Global growth will slow sharply to 1.7 percent in 2023, the third weakest pace of expansion in nearly three decades and 1.3 percentage points lower than the earlier forecast, the World Bank said Tuesday, as tightening monetary policy to tackle inflation and Russia's war on Ukraine dampens prospects.
With the United States, the euro area and China all undergoing "a period of pronounced weakness," the Washington-based institution also said further negative shocks, including higher inflation, abrupt rises in interest rates to contain it and a resurgence of the COVID-19 pandemic, could push the global economy into recession.
"Global growth has slowed to the extent that the global economy is perilously close to falling into recession -- defined as a contraction in annual global per capita income -- only three years after emerging from the pandemic-induced recession of 2020," said the bank's semiannual Global Economic Prospects report.
Global growth is expected to rebound to 2.7 percent in 2024, a decrease of 0.3 point from the June projection.
The sharp downturn in growth is likely to be widespread, with growth projections downgraded for almost all advanced economies and about two-thirds of emerging markets and developing economies in 2023, and about half of all countries in 2024.
Growth in the United States is expected to slow to 0.5 percent this year, 1.9 points below the earlier projection, as the world's largest economy goes through the most rapid monetary policy tightening in more than 40 years to tamp down rising food and energy prices, the World Bank said.
With inflation expected to moderate this year as labor markets soften and wage pressures decrease, the U.S. economy will likely grow 1.6 percent next year, a downward revision of 0.4 point.
In China, economic activity deteriorated in 2022, with consumption restrained by restrictions under its "zero-COVID" policy and unprecedented droughts. Growth is expected to pick up to 4.3 percent this year as the lifting of pandemic restrictions releases pent-up spending, down 0.9 point from the June forecast.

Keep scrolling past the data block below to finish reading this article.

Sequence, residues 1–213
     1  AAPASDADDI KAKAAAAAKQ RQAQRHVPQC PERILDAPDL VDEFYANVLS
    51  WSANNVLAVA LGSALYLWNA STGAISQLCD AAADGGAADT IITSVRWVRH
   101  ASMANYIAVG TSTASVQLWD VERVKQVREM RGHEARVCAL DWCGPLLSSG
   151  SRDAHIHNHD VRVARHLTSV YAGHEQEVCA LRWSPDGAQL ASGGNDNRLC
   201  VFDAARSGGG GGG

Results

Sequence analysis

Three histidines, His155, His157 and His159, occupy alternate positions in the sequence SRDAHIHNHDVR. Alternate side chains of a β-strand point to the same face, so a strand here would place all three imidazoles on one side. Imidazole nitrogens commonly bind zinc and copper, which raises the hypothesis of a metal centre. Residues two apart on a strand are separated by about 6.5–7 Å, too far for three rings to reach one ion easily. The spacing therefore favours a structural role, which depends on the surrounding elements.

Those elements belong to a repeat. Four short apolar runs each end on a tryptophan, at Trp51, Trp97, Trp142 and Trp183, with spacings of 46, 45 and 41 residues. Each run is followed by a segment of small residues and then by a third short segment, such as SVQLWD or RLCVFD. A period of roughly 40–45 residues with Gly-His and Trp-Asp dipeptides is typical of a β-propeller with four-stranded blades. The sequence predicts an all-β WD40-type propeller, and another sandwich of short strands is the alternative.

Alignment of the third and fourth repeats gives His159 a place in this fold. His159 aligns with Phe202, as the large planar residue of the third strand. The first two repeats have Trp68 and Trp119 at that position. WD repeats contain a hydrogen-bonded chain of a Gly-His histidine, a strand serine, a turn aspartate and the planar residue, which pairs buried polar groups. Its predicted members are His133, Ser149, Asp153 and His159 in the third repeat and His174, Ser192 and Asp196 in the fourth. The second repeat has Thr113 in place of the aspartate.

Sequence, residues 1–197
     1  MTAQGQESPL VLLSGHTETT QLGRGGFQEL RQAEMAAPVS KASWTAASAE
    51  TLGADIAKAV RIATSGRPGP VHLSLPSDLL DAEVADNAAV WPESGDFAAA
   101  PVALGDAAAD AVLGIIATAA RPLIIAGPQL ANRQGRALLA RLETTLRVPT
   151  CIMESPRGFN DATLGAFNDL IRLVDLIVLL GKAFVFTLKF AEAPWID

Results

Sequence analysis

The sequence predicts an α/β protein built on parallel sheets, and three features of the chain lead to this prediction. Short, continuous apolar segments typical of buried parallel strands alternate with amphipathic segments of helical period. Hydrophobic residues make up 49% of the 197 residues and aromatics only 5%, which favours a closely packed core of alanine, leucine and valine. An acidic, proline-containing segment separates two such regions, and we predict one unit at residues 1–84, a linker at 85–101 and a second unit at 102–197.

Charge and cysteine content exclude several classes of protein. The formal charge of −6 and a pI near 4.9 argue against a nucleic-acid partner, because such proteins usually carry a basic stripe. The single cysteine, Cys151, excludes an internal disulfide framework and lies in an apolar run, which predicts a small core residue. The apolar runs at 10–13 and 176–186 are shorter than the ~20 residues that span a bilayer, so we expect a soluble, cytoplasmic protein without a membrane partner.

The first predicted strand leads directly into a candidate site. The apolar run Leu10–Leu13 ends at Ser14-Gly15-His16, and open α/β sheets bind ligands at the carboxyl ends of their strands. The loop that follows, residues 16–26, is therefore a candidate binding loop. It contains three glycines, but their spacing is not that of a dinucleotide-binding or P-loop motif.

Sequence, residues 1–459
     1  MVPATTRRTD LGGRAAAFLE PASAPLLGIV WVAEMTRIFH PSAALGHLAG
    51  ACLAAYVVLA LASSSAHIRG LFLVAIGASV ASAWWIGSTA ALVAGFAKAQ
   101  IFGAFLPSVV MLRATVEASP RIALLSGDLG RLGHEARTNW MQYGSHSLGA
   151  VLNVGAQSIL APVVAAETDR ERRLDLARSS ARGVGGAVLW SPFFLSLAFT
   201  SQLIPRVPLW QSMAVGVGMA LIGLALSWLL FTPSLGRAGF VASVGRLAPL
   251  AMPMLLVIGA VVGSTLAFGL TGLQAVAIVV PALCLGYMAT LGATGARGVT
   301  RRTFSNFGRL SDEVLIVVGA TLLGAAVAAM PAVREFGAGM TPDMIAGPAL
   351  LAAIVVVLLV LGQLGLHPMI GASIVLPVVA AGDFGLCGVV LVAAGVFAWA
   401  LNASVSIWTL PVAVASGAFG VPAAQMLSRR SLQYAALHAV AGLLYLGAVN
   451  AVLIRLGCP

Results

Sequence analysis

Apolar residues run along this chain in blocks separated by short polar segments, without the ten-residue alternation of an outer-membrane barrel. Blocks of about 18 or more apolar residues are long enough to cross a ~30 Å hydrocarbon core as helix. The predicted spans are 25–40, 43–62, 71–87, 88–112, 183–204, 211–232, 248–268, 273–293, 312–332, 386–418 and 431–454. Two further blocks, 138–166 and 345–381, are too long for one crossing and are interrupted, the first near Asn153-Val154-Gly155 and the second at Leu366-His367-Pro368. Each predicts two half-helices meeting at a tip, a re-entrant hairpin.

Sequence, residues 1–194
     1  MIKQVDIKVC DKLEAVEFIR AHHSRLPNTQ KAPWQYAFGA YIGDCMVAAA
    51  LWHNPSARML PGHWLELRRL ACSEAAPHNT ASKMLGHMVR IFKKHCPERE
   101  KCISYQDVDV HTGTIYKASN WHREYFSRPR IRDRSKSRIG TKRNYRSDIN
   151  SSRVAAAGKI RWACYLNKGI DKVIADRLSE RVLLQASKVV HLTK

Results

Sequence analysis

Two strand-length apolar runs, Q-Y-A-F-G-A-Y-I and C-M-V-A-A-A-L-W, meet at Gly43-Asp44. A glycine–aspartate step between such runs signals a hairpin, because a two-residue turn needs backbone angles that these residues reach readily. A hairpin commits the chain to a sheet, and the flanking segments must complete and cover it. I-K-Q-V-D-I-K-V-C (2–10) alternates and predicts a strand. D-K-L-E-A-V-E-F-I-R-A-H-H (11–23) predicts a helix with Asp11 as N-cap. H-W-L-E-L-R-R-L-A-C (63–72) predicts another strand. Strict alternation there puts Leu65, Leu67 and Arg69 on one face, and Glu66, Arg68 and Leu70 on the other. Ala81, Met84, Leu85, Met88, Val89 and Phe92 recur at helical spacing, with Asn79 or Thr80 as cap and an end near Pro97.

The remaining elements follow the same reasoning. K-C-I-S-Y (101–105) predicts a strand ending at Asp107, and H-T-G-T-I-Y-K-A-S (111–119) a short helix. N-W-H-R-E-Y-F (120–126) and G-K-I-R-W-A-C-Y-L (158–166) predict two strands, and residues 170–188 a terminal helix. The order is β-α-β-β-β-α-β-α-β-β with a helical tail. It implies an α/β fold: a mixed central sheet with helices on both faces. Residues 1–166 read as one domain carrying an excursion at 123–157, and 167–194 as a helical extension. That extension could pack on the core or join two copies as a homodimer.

For Japan, growth is anticipated to slow to 1 percent this year, a 0.3 point downgrade from June, after growth of 1.2 percent in 2022, the World Bank said, noting that the sluggish pace will be seen "alongside a slowdown in other advanced economies."
The resource-poor Asian country has been facing headwinds as high energy prices eroded household purchasing power and dampened consumption, it added. Japan's real gross domestic product is expected to grow 0.7 percent in 2024, 0.1 point higher than thought in June.
The euro area will see a zero-percent growth this year, a downward revision of 1.9 points, owing to ongoing energy supply disruptions associated with Russia's invasion of Ukraine and the prospect of more monetary policy tightening. It will grow 1.6 percent next year, the World Bank estimated.
Global trade volume is forecast to grow 1.6 percent this year, after surging 10.6 percent in 2021 and increasing 4.0 percent in 2022.
Looking ahead, the World Bank warned that central banks may need to raise interest rates more than is currently expected depending on inflation, heightening the risk of "policy missteps."
In a recession scenario, where tighter financial conditions are assumed to result in widespread financing difficulties across emerging markets and developing economies, the World Bank said global gross domestic product would grow by only 0.6 percent in 2023.
This would translate into a contraction of 0.3 percent in per capita terms, the report said.